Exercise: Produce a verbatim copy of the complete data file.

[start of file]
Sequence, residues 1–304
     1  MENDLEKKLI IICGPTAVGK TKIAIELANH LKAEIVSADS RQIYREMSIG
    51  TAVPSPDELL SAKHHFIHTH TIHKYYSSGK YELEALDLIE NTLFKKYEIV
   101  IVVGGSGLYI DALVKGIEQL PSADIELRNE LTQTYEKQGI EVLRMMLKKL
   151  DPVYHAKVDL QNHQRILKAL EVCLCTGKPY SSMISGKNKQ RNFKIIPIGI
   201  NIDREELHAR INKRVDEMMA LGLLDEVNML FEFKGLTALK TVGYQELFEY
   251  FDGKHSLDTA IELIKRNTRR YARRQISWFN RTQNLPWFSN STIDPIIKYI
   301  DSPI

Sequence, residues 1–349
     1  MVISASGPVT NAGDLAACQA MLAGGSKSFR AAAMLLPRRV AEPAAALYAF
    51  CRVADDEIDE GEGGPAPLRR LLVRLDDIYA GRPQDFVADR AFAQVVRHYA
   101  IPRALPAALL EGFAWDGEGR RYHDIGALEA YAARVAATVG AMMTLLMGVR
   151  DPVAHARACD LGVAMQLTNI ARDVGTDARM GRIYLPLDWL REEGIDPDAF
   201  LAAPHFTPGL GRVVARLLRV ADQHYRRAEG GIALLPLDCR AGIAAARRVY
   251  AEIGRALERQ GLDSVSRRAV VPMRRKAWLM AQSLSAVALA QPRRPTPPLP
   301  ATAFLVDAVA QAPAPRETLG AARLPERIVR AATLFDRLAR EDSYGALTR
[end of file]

Sequence, residues 1–304
     1  MENDLEKKLI IICGPTAVGK TKIAIELANH LKAEIVSADS RQIYREMSIG
    51  TAVPSPDELL SAKHHFIHTH TIHKYYSSGK YELEALDLIE NTLFKKYEIV
   101  IVVGGSGLYI DALVKGIEQL PSADIELRNE LTQTYEKQGI EVLRMMLKKL
   151  DPVYHAKVDL QNHQRILKAL EVCLCTGKPY SSMISGKNKQ RNFKIIPIGI
   201  NIDREELHAR INKRVDEMMA LGLLDEVNML FEFKGLTALK TVGYQELFEY
   251  FDGKHSLDTA IELIKRNTRR YARRQISWFN RTQNLPWFSN STIDPIIKYI
   301  DSPI

Sequence, residues 1–349
     1  MVISASGPVT NAGDLAACQA MLAGGSKSFR AAAMLLPRRV AEPAAALYAF
    51  CRVADDEIDE GEGGPAPLRR LLVRLDDIYA GRPQDFVADR AFAQVVRHYA
   101  IPRALPAALL EGFAWDGEGR RYHDIGALEA YAARVAATVG AMMTLLMGVR
   151  DPVAHARACD LGVAMQLTNI ARDVGTDARM GRIYLPLDWL REEGIDPDAF
   201  LAAPHFTPGL GRVVARLLRV ADQHYRRAEG GIALLPLDCR AGIAAARRVY
   251  AEIGRALERQ GLDSVSRRAV VPMRRKAWLM AQSLSAVALA QPRRPTPPLP
   301  ATAFLVDAVA QAPAPRETLG AARLPERIVR AATLFDRLAR EDSYGALTR